First born, only child, middle child? What birth order reveals about you

This is a fun read. And the author’s generalizations perhaps have some truth to his theory.

First born, only child, middle child? What birth order reveals about you

Dr. Kevin Leman
Which description is most like you?

1: A natural leader and perfectionist, you are logical, technical, well-organized, conscientious, a good reader, and a list-maker. You take life seriously and don’t like surprises.

2: Self-motivated, a voracious reader, and high achiever, you think in black and white and use always and never a lot. You complete every project thoroughly, expect a lot out of yourself and can’t stand the idea of failure.

3: Independent, sometimes secretive, and a diplomatic mediator, you go out of your way to avoid conflicts and often compromise to keep the waters of life smooth. At home, you never got much attention, so you developed a loyal friendship network.

4: Affectionate, charismatic, and a people person, you enjoy the limelight and surprises. You engage easily with strangers. Growing up, you were “cute” so you got away with everything.

If you picked 1, you’re either the first child born in your family or the first child of your gender born in your family.

If you picked 2, you’re an only child.

If you picked 3, you’re a middle child.

If you picked 4, you’re the baby of the family.

How can I be so confident? After studying birth order for years, I’ve seen these descriptions play out over and over. Birth order isn’t an exact science, because not all characteristics fit every person in that birth order. Variables such as the number of years between kids, gender, physical, emotional, or mental differences, adoption, death, blended families and a critical-eyed parent can change that birth order (for more, see “The Birth Order Book”).

Why should you care about birth order? Because the role you played in your family has everything to do with how you perceive “reality.” It’s why a brother and sister can view the same growing-up years differently. And that perceived reality affects how you feel about yourself and relate to others.

If you’re a firstborn.

You had an incredible advantage and disadvantage no other child in your family had – your parent(s) all to yourself for a while. You were the guinea pig for their parental experiments. Everything you did right or wrong was heightened. When you reached for a forbidden item, you were told, “Don’t touch that!” in an excited tone. By the time your second brother was born, your parents barely noticed he had his finger in the electrical outlet.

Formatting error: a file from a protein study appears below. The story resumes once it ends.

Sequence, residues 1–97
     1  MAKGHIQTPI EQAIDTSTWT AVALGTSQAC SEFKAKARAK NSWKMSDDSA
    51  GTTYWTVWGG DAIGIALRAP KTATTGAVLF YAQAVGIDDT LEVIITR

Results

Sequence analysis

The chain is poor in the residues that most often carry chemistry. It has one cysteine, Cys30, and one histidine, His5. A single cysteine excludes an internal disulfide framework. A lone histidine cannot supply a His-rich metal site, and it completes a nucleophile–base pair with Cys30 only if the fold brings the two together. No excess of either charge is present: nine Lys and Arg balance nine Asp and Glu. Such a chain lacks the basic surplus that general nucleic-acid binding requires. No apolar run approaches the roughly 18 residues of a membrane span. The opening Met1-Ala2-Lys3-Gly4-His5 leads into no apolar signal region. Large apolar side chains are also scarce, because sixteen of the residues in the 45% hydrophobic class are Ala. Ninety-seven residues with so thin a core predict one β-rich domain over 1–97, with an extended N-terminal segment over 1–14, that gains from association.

You walked and talked earlier than your siblings, had a large vocabulary, and acted like an adult because you always interacted with adults. Your parents made a big deal out of everything you did, so you became a perfectionist with only one “right way” to do things. Anything else is “wrong.” That’s why it drives you crazy when others – partners, kids, or coworkers – don’t do tasks the same way you’d do them, don’t pursue goals with the same excellence you do, or don’t take life as seriously. That’s why you assume leadership of a project or take it on as a solo act. You expect a lot out of yourself and others because you’ve been groomed to be highly achievement oriented.

If you’re an only child.

You have firstborn traits times three. You act mature beyond your years – you were a little adult by age 7 or 8. Books were not only your best friends growing up but also siblings and companions. You’re used to working independently, so that’s most comfortable for you. After all, no one can jump the high bar of your expectations. Problem is, you’re even tougher on yourself than you are on others.

If you’re a middleborn.

Since you’re not the superhuman, driven-to-excellence firstborn and you’re not the cute baby of the family, you grew up in the hazy, anonymous “middle” where you weren’t often noticed. In fact, you were the one least likely to be missed if you went AWOL at the dinner table. You could get away with being lazy sometimes because your parents didn’t expect you to accomplish as much as your firstborn sibling. In fact, whatever he or she was like, you went the opposite way. After all, why try to compete with the best?

Because you were stuck between the hard-driving firstborn and the baby, who couldn’t seem to get anything done without help, you frequently played “peacemaker” at home. You carried that role into your loyal friend network too. But wanting everyone to get along so the waters of life stay smooth opens the door for others to easily take advantage of you.

If you’re a lastborn.

Life to you is a thrill ride from one adventure to another. You’re highly social, spontaneous, thrive on being entertainment central, and easily make people laugh. People swarm to you like ants to honey. Growing up, you were the manipulative charmer who could get your siblings or parents to do anything for you – even things you should have been doing for yourself. Your siblings often sent you as the sacrificial lamb to ask a favor of mom or dad, since you were the one least likely to be punished for asking.

When others don’t smooth your path in life and do things for you now, you are easily irritated and hurt. When you aren’t in the limelight, you don’t feel appreciated.

When you understand your branch of the family tree, you’ll know why you are the way you are – your personality, how you problem-solve, and how you relate to friends, coworkers, and loved ones.

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